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February 9, 2023

A vertical convention center stacks up in Seattle

Special to the Journal

Photo copyright Cory Parris Photography [enlarge]
Radiant floors extend into the wooden hillclimb seating stairs.

Located at the crossroads between several of the city’s most iconic neighborhoods, the Seattle Convention Center Summit building represents a transformative opportunity for revitalizing and reconnecting Seattle’s vibrant downtown core. Acting as a catalyst for improvements to the local community, the new convention center building aims to provide a rich urban experience, unique to Seattle, for both visitors and residents.


The project represents a significant shift in the events industry model. The vertical organization of the building’s program — the first high-rise convention center in North America — combined with a variety of highly flexible event spaces provides maximum efficiency and flexibility for an array of different uses, from single large shows to a variety of concurrent visitor and community events.

This unique vertical stack design presents several advantages. Its compact footprint integrates into the heart of the urban core, allowing easy pedestrian connections to nearby hotels, restaurants, shopping areas, and cultural attractions. The optimization of the limited site footprint provides a more compact and efficient plan layout, substantially reducing the distances between different parts of the building and allowing the new building to offer distinct ways to organize and perform events, large and small. The location and arrangement also reduces the need for parking due to the existing and future transit connections to the surrounding community.

Photo by Adam Hunter/LMN [enlarge]
Every event space incorporates natural daylight through expansive windows.

The convention center’s program is distributed across six levels of event spaces, including two exhibit halls stacked one above and one below-grade. Multiple at-grade entries connect to a registration level between the two exhibit halls. Above are two meeting room levels and an industry leading 58,000-square-foot ballroom. Every event space incorporates natural daylight and the six levels are connected vertically through two large atria. Visual connectivity between event floors and individual areas of the building helps orient attendees as they navigate the various levels through dramatic vertical spaces.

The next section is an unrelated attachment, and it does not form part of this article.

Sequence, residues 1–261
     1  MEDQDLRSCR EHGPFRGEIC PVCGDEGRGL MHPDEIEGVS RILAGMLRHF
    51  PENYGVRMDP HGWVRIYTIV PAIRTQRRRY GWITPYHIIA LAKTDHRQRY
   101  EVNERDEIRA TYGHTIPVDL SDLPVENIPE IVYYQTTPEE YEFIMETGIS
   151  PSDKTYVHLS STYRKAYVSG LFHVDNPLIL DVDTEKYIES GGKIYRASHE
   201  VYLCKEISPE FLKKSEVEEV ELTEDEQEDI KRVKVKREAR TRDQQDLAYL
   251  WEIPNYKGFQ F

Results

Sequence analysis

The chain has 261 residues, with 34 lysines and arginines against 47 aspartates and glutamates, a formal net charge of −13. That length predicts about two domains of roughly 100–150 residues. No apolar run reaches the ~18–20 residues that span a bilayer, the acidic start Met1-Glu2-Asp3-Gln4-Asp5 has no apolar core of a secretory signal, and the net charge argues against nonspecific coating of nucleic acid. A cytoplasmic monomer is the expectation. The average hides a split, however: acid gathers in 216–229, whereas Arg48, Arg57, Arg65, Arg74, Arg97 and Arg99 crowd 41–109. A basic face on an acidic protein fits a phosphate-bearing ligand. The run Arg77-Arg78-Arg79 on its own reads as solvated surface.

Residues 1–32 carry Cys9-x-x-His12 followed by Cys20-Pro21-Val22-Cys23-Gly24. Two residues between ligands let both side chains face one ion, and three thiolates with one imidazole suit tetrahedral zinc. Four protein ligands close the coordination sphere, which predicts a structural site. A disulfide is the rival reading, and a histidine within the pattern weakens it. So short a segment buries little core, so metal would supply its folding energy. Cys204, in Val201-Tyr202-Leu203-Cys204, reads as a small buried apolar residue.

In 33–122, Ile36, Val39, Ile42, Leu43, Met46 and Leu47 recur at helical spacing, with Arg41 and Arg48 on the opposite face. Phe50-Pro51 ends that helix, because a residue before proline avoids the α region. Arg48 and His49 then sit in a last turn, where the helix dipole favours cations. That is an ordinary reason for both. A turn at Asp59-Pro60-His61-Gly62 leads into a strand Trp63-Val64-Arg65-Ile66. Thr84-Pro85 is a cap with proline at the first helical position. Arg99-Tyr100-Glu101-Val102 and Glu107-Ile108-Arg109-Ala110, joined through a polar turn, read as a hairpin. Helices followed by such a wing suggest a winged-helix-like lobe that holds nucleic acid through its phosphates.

Large expanses of glazed walls around the building’s perimeter contribute to an abundance of natural light inside. This increased transparency promotes a synergistic connection between the building and the city. The action inside the venue gets showcased to the city, while the energy and activities happening on the city streets and nearby buildings become part of how visitors experience the events inside. A garden terrace brings visitors outdoors to further this connection. When viewed together, all of these elements improve comfort and provide a sense of well-being for conference-goers.


The vertical stack configuration also created some challenges for the design team. There was a three-dimensional puzzle to solve as the egress stairs zig-zag back and forth as they transition down from one horizontal slice of the building into the next. Routing all the air conditioning, power and water from a central location would have been inefficient and impractical, so building systems and equipment needed to be distributed throughout the building — in mezzanines, corners and niches at all levels. On top of these normal building systems, massive bespoke smoke control systems serve much of the building spaces, to ensure safe occupant egress in case of a fire.

All of these have been integrated behind the scenes, ensuring a visitor might never guess the complexity of the spaces, structure, and systems that allow these large volumes to stack and connect so seamlessly.

The atria also presented unique design challenges. Large glass facades can create thermal comfort issues in both sunny and cold conditions, so the design team applied advanced analysis tools to model airflow in the atria, eliminating stagnant air and hot zones or cold downdrafts. Air supply is carefully integrated and hidden at the edges of the mezzanine levels and above the unique hanging wood ceilings at the top of the hillclimb. The radiant floors that provide a first stage of heating and cooling to all the prefunction and lobby areas even extend into the wooden hillclimb seating stairs.

The demand for increased density and tall, more efficient buildings is making a mark on urban centers around the world. With its striking architecture and multiple levels, the Seattle Convention Center Summit building offers a sense of excitement and innovation that enlivens Seattle’s skyline. The venue is designed to be a contemporary emblem for the future of urban meetings and events, contemplating how people interact in today’s world and creating a space where people can experience the culture of Seattle’s distinctive urban core.

Anne Marie Moellenberndt, an associate principal and mechanical group leader of Arup’s Seattle office, has over 20 years of experience as a mechanical engineer and project leader. LMN principal architect Leonardo Da Costa has 21 years of design experience, with over 15 years of focus on convention center projects.

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